Morocco Here We Come

Today begins our Thrums Books/ClothRoads Textile Arts Tour of Morocco with Susan Schaefer Davis, author of Women Artisans of Morocco. We’re about to board a flight for Casablanca, where we’ll meet Susan and several other textile travelers to visit many of the artisans featured in Susan’s book. I am so fortunate to have this opportunity to meet button maker and feminist, Amina Yabis and to maybe try my hand at making a button; to sit down with feisty Fadma Wadal in her home on the edge of the desert and be regaled by the stories of her life as a master weaver; and to wander the hills near Ben Smim where we’ll meet Fatima Fdil who can explain the rich weaving traditions from her village—from knotted rugs to flatweaves embellished with allover designs and sequins.

Fatima Fdil at her home in Ben Smim.

I’m especially looking forward to visiting the Berber village of N’kob where we’ll visit with weavers from the Timnay Weavers Association. An excerpt from Women Artisans of Morocco explains why:
“Aicha Seqqat is the president of the Timnay Association of weavers in N’kob, an indication of her respected status in the village and the excellence of her weaving. She is also a midwife and one of two leaders chosen by the village women.The weaver’s association meets at her home, and I stay there when I visit the village. My bed consists of a stack of her beautiful rugs on the floor. What could be more luxurious? I also like to stay with her because of her cheerful personality. It’s hard for me to reap the full benefit of her humor and intelligence since she speaks only Berber, but her youngest daughter, Ijja, helps translate into Arabic.

Aicha Seqqat at her loom. Photo by Joe Coca.

I saw a clear example of her leadership at a meeting of the weavers several years ago. The income they earned from Internet sales was given to husbands, and depending on their inclinations, the men gave a portion directly to the women or more often spent it on household expenses. The family profited, but the women never received any cash for themselves. How to convince the men to give the women money? It was Aicha who spoke up, saying, “We could tell the men that if they’d give us a little something when we finish a rug, we might make the next one faster.” Genius! Many women tried it, and it worked. . . .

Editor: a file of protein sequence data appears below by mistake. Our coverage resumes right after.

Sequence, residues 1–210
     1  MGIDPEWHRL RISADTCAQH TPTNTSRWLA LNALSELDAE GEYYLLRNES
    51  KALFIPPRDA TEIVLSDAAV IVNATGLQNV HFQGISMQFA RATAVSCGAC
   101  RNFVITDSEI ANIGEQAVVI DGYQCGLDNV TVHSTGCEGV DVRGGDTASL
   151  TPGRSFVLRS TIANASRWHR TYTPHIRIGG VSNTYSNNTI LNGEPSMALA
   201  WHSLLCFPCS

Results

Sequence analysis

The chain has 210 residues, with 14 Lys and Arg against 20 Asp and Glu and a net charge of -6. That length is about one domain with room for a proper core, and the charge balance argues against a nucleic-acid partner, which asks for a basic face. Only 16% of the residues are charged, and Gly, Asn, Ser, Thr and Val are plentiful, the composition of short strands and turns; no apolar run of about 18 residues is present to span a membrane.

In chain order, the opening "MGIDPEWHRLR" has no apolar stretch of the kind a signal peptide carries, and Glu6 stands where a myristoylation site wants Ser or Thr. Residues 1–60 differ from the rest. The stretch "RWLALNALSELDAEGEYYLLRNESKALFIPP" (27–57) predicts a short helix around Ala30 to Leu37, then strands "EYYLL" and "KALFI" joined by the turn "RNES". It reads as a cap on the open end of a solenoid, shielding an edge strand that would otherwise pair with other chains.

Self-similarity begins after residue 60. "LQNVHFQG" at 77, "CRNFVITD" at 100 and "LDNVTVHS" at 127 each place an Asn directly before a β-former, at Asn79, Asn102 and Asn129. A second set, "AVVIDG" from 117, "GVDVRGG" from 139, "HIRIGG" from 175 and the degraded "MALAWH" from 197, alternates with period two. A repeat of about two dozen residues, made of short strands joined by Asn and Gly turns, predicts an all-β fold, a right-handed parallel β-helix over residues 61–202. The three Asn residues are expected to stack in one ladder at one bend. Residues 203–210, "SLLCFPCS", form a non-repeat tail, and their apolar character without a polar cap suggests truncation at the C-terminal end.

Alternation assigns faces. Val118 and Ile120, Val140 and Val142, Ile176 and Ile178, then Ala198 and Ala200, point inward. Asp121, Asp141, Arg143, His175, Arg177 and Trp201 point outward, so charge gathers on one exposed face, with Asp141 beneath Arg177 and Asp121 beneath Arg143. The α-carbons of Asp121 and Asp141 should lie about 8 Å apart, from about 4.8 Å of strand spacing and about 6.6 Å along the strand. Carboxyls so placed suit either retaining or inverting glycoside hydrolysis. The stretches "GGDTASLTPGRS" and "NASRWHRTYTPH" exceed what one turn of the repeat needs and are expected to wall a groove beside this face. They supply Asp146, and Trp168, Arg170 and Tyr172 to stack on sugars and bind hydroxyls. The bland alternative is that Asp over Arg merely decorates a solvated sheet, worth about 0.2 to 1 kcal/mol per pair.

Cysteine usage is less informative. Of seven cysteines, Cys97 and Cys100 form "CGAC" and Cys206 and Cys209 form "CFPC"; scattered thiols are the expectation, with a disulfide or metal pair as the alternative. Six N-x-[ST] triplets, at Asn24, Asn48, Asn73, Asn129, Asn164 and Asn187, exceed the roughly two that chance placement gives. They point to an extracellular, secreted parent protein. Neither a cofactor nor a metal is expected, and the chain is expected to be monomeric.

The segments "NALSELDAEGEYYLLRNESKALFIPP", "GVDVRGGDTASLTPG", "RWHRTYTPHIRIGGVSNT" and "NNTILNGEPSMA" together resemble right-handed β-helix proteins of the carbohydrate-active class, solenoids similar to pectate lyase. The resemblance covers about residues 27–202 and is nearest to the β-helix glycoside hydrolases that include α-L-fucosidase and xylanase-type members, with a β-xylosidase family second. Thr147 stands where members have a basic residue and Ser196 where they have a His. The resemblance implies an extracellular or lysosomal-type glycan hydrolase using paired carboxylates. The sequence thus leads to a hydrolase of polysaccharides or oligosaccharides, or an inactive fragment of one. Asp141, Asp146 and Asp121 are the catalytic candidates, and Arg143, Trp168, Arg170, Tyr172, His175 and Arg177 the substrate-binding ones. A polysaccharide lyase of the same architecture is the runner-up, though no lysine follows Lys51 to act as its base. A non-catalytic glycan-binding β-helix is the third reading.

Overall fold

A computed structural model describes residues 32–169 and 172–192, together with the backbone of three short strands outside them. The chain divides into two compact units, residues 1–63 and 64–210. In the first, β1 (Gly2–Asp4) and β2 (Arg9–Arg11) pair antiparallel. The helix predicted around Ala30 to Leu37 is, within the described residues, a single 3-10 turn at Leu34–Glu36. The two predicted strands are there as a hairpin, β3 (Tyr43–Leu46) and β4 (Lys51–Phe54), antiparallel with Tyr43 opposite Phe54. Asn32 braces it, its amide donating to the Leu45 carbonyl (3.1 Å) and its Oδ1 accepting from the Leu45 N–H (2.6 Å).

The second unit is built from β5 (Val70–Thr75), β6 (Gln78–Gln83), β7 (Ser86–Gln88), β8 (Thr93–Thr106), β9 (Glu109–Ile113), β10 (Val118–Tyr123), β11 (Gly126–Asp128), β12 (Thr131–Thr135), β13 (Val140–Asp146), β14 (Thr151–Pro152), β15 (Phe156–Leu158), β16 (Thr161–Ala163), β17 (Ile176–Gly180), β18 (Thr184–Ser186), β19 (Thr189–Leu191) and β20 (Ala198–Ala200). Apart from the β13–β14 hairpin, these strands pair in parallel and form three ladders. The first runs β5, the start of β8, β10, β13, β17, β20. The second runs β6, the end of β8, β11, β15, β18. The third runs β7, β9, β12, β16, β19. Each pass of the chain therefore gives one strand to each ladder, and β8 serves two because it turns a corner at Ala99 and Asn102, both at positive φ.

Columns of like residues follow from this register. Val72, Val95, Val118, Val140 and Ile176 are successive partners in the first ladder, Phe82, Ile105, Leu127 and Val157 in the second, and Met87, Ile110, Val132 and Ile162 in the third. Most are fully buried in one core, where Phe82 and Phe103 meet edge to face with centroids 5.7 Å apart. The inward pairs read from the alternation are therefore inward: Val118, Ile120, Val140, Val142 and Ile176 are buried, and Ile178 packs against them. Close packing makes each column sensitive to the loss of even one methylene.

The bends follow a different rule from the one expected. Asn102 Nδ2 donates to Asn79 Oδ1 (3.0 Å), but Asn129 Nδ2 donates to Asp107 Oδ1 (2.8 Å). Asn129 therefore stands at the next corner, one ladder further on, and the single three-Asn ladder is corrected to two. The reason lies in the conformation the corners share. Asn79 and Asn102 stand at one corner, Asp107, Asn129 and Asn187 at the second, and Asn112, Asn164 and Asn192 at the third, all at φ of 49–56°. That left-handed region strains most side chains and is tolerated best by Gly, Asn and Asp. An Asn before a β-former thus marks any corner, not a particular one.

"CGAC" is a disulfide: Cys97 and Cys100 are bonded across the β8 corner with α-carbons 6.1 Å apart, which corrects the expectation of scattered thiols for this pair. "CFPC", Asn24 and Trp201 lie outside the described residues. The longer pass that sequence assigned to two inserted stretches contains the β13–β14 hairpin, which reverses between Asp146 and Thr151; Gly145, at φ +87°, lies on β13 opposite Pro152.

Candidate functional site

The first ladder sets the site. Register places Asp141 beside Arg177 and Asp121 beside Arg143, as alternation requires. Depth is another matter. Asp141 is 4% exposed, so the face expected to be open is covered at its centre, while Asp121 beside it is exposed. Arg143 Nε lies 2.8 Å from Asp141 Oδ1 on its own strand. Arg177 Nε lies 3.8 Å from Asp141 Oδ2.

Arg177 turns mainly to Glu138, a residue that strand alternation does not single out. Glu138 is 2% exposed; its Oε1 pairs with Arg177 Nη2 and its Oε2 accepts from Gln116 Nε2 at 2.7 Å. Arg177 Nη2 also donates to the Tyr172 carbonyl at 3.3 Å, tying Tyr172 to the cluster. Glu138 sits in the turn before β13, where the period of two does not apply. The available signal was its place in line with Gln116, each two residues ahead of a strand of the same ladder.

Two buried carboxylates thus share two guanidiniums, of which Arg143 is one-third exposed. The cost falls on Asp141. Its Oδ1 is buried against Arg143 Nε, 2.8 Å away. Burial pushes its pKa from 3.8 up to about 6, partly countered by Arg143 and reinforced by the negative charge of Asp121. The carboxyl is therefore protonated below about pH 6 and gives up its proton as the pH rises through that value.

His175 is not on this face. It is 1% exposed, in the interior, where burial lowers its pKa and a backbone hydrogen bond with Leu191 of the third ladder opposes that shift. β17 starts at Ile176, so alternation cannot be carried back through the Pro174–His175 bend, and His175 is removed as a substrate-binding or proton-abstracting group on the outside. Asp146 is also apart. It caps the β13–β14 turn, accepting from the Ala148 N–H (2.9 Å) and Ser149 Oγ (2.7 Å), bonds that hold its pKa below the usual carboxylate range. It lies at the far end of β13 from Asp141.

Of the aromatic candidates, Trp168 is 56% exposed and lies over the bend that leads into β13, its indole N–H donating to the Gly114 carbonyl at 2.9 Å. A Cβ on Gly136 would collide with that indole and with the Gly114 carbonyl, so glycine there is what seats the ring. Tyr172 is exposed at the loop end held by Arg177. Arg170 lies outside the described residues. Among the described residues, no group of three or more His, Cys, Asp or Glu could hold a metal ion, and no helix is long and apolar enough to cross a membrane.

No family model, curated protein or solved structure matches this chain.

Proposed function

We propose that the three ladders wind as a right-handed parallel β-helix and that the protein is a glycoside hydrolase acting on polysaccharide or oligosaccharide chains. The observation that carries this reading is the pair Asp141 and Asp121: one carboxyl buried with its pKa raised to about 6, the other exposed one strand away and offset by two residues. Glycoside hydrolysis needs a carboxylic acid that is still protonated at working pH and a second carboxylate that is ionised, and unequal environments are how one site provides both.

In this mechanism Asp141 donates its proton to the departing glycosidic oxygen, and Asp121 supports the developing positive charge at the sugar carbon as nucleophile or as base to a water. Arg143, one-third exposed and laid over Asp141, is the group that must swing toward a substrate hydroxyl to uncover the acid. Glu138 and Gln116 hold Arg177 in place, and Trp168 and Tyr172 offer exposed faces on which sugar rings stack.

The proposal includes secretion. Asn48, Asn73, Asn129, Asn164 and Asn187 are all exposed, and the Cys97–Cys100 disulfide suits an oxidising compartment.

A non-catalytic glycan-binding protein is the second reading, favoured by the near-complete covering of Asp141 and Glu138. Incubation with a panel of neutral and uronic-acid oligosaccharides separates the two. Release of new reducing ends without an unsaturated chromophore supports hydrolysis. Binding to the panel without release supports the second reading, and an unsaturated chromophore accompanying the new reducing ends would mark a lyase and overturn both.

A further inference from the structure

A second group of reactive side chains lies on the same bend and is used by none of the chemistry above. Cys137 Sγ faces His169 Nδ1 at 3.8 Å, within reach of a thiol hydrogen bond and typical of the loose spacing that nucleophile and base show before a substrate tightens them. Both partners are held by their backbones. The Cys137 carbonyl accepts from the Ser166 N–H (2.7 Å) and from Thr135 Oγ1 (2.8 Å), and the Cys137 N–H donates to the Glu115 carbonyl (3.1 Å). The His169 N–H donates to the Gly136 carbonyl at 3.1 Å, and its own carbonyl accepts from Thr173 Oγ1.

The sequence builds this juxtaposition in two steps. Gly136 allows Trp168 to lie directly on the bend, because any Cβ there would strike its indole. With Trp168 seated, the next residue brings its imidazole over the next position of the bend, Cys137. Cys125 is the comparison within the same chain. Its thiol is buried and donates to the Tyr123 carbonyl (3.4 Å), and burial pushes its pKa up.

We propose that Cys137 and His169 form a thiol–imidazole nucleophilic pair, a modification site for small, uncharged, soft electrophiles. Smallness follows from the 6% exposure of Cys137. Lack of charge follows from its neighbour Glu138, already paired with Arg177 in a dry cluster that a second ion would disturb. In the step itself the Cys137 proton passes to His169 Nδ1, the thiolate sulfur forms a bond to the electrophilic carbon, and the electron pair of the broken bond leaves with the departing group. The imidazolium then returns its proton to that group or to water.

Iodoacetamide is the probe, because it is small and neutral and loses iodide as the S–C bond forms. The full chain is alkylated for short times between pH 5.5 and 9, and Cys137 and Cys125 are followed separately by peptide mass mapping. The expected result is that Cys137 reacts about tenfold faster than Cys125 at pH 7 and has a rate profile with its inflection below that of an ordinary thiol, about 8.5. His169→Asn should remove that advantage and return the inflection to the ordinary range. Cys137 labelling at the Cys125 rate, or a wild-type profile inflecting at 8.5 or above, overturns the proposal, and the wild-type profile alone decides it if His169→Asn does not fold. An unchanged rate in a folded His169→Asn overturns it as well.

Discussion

Aicha has woven several styles of rugs: the black and white chedwi, the “picture,” the newer flatweave called terz, and women’s traditional cream capes. “I liked to make a different kind each time, so if one style doesn’t sell, the next one might.I wanted to see what women value in rugs, so I asked Aicha which of those she liked best and why. She likes the chedwi because it’s an old, traditional style. She also likes the women’s cape. She says it is beautiful first because it shows her craft, then because it’s large, and finally because of the intricate designs along the borders. It’s interesting that for Aicha, tradition comes before design.

A rug with chedwi, the technique of twining in black and white. Photo by Joe Coca.

Aicha begins a new rug by choosing the colors. “I do use natural dyes sometimes, but it’s difficult because it takes a long time. If you’re using indigo, it takes two days to get ready. To make a good blue, you also need henna leaves, dates, and coal. Then you see what other colors will go with it.” However, she doesn’t plan the overall layout of the rug. Nor does she plan the designs she will use before she starts weaving. “When the loom is ready, you just start with whatever comes into your mind. It comes to your mind as you’re weaving, little by little.” This master weaver works from inspiration.”

We’re in for a fabulous treat!


Join our journey by following us on FaceBook or Instagram, and in the pages of Women Artisans of Morocco: Their Stories, Their Lives.

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